Although Egnater Amps has become well-known lately because of their Tweakers, Rebels, Renegades, and Tourmaster amplifiers, they started years ago as a provider of high end boutique amp makers. If you’re familiar with the Randall amps that allow you to trade out preamp modules, then you’re familiar with Bruce’s work. He designed all of the modular Randall amps and was building US-made versions in his own private shop in Berkley, Michigan. Those amps were his MOD50, MOD100, and M4 preamp.
The whole idea behind a modular amp is that you have a power section of a tube amp that is standard or fixed but you’re able to swap in and out different preamp voicings. For instance, you could load your amp with a Bassman sound and a hot-rodded Marshall Plexi amp sound and be able to switch back and forth effortlessly from those two sounds in one amp. It’s like the perfect mash-up of your favorite amps. Egnater offered 10 different modules, ranging from Fender Twin cleans all the way up to Modern High Gain Diezel amp sounds and all points in between. 5 years ago, Egnater hired me to spend some time with the modules and then write the descriptions for their main website. Having spent all that time with the different modules, I really fell in love with the BMAN and the SL2 modules since the two amps were originally built from similar circuits (Marshalls were originally launched as an alternative to the expensive import expense associated with bringing Fender Bassman amps over to Europe). I felt that a MOD50 with the A/B channels of the BMAN and the A/B channels of the SL2 would give you 4 channels ranging from fat clean to screamin’ mean. You can hear the Egnater MOD50 all over my own CD project here.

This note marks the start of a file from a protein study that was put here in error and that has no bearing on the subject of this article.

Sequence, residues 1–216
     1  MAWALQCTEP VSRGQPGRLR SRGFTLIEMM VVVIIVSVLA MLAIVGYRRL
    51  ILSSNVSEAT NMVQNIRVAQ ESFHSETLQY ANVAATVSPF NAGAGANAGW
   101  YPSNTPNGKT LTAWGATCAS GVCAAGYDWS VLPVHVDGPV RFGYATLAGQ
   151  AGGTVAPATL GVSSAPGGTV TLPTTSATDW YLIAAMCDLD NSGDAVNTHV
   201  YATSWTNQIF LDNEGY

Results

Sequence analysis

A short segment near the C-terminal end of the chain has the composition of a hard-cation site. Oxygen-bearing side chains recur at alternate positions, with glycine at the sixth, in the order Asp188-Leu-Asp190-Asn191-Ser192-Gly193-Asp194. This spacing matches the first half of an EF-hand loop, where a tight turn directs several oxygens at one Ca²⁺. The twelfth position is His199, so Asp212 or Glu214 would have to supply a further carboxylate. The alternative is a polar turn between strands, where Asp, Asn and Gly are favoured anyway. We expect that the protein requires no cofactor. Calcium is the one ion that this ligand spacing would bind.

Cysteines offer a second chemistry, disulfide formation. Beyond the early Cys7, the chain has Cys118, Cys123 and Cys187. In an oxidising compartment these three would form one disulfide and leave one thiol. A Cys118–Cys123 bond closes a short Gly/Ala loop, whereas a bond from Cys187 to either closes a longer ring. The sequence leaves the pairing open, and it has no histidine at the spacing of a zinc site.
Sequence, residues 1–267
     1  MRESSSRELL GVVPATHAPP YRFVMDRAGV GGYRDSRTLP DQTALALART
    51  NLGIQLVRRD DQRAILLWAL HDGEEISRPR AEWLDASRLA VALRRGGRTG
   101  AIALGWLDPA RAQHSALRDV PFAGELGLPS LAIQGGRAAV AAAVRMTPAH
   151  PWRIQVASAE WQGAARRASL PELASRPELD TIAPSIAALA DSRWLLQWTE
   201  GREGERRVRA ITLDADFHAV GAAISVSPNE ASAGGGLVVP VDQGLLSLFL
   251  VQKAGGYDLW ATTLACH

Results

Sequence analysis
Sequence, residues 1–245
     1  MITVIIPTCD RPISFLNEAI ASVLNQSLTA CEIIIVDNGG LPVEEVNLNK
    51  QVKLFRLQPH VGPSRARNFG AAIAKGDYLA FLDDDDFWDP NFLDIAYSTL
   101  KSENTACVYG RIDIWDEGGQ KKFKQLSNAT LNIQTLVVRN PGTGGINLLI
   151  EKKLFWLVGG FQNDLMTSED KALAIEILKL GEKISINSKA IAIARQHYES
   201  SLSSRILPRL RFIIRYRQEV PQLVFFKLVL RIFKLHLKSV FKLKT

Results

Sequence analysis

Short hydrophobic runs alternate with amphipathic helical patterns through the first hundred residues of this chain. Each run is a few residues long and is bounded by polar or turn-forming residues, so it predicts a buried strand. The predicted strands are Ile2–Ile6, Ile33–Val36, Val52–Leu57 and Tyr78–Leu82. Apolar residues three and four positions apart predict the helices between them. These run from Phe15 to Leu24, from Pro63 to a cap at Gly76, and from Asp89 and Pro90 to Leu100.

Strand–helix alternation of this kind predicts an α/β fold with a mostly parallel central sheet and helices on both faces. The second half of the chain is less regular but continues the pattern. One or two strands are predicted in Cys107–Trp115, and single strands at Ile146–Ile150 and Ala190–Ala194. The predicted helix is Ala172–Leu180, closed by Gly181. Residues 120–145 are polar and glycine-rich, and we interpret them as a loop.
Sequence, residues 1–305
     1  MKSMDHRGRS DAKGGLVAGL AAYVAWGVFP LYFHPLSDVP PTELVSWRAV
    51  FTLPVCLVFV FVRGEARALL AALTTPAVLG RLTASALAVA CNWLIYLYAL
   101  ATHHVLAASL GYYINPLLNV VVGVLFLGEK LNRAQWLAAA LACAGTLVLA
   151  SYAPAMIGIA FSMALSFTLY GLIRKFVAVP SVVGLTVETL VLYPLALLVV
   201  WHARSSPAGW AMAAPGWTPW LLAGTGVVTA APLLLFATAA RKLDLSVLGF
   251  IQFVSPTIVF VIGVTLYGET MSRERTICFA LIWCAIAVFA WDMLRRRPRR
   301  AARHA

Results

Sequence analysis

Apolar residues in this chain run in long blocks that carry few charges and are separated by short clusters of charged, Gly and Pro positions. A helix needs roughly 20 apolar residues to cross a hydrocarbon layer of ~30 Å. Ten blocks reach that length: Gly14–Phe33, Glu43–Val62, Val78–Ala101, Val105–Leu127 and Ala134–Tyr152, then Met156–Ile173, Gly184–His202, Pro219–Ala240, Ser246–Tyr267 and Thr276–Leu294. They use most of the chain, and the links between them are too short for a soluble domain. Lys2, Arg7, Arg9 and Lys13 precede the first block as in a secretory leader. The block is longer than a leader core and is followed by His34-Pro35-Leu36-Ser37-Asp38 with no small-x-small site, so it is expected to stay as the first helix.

Bruce has since discontinued the modular line and I had a friend ask me to do a walkthrough of my MOD50. The video is below.
The Tone Chef